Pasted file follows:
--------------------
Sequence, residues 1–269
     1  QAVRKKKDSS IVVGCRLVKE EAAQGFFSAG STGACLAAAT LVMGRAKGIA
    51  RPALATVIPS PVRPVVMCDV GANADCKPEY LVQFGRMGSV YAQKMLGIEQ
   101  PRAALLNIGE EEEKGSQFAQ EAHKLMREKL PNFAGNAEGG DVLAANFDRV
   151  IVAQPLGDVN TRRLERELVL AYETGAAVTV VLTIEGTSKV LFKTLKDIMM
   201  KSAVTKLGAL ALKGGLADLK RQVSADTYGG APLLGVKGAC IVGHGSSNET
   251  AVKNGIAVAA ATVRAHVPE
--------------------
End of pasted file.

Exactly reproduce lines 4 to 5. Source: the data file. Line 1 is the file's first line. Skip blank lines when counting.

   101  PRAALLNIGE EEEKGSQFAQ EAHKLMREKL PNFAGNAEGG DVLAANFDRV
   151  IVAQPLGDVN TRRLERELVL AYETGAAVTV VLTIEGTSKV LFKTLKDIMM